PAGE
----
International Housing Solutions (New Zealand)

Habode (861sq ft)

Rod Gibson is a typically resourceful Kiwi inventor. Leaving stylistic flourishes on the drawing board, he produced the steel-framed Habode. It fits into a 40ft shipping container, can be installed in three days, is rated for a cyclone-strength storm and lasts for 50 years. What's more, he says, "Habodes can be relocated in five or 10 years with little or no footprint left behind." The buildings are even recyclable; glass and the paint-free Cor-Ten steel, which weathers to a rust-coloured finish, can be melted. The Habode is a bach (as in bachelor), that iconic New Zealand holiday home often sited near a favourite beach or trout-fishing river. "All the necessary conduits and plumbing required for self-sufficiency are built into the Habode's DNA," says Gibson. Basic and rugged, bachs are, in Gibson's words, "retreats from day-to-day living". '

Form & Forest (Canada)

Trapper (738sq ft)

Undaunted by the global financial turmoil, Form & Forest launched earlier this year in British Columbia, counting on the idea that the appeal of a quiet spot in which to contemplate the stars out of range of a mobile-phone signal will always grow. They hired fellow Vancouverites D'Arcy Jones Design to produce a range of cabins that ship as pre-assembled panels. "This is ideal for delivery on difficult roads," says Form & Forest's Ryan Jordan. The Trapper is the single-unit prefab, built around a large courtyard with an open plan living-room and one bedroom. The cabins can withstand a Canadian winter: "Cross-country skiing from your back door is reason enough for us to build these with energy-efficient doors, windows and wood stoves," says Jordan. A show-cabin is being built near Golden in the Canadian Rockies.

Jonas Wagell (Sweden)

Mini House (161sq ft)

Swedish friggebods – pocket-sized clapboard contructions in the abundant Swedish wilderness – are the cute result of building permits not being required for small cottages of less than 15sq m. Jonas Wagell's Mini House began life as a design thesis in 2007 and is now available for purchase. The prefab flat-pack, based around a timber frame, has simplified aesthetics (think shed rather than mini-mansion) and extensive decking, which isn't part of the building-permit restriction. An optional solar-power kit adds sustainable energy to the equation, or you can go in the opposite direction and select the sauna module. They can also be fitted with cooking or bathing facilities or just a desk.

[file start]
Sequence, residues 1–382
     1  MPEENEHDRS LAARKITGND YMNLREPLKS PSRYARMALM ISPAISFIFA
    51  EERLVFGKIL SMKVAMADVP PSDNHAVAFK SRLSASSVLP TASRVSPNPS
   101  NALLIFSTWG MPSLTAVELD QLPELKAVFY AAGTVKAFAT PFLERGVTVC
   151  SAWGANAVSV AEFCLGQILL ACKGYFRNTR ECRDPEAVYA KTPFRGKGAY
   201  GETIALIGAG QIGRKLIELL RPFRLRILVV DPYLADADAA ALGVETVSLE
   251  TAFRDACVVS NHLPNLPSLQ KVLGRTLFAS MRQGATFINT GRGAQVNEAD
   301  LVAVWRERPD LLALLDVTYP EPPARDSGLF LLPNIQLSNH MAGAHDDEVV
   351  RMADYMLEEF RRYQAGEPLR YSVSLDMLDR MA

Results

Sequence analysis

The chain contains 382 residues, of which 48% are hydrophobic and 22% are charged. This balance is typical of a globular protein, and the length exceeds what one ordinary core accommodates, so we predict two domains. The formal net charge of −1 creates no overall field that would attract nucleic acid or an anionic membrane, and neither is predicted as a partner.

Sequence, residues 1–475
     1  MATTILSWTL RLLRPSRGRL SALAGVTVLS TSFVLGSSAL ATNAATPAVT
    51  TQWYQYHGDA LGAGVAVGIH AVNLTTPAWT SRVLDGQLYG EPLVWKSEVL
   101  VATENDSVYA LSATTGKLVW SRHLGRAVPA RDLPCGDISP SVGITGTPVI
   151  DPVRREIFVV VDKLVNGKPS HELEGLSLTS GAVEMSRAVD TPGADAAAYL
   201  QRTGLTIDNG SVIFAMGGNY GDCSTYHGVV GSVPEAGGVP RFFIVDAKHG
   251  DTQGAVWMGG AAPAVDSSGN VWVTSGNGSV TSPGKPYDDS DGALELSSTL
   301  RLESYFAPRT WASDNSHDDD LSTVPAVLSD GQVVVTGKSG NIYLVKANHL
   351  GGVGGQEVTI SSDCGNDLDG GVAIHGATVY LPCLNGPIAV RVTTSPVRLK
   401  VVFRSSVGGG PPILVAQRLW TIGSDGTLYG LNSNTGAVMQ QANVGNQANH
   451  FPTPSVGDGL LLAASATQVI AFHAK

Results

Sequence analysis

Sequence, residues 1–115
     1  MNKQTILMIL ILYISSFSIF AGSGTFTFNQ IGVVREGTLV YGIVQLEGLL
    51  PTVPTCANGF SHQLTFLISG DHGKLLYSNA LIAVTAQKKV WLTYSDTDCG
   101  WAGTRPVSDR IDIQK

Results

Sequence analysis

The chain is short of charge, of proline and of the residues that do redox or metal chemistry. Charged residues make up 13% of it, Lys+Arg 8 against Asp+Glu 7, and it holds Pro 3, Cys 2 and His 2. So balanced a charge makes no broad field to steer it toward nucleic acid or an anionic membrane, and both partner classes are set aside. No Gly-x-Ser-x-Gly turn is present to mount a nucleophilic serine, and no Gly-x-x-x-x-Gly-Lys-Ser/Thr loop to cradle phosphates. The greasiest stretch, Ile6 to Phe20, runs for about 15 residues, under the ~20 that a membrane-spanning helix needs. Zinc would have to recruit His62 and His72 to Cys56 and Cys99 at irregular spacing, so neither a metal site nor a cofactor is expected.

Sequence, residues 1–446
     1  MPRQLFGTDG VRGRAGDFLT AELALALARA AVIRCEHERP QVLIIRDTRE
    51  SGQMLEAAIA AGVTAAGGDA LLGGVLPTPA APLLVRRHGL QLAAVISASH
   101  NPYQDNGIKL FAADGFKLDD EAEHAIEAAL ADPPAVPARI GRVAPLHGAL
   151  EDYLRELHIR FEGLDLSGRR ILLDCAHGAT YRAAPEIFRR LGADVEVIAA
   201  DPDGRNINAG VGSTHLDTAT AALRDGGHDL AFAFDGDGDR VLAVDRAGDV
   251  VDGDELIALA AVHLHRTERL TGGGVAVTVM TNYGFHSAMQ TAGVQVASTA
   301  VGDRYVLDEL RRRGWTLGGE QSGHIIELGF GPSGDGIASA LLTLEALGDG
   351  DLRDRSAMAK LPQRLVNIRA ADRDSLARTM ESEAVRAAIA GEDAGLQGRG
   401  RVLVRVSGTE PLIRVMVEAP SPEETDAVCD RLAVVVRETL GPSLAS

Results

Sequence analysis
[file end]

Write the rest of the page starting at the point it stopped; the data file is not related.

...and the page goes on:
Sustain (Canada)

miniHOME (432sq ft)

Sustain's miniHOME 12x36 California Edition is greener than the cabins of countrymen Form & Forest, with FSC-certified wood, soy-based insulation and non-toxic finishes. "Electrical loads have been minimised," says Sustain's Andy Thomson, "so a small, affordable wind/solar package can take the unit off the grid." The 12x36 California Edition comes with a 4kW inverter to plug directly into a renewable power system. Rainwater is collected from a central downspout and can be filtered for freshwater supply or landscaping and greywater treatment is offered by a third party. With a 0.5gpm showerhead, one-pint toilet and tankless, heat-on-demand hot water, the miniHOME uses less water in the first place. The Extreme Climate edition is designed to use snowdrifts as insulation.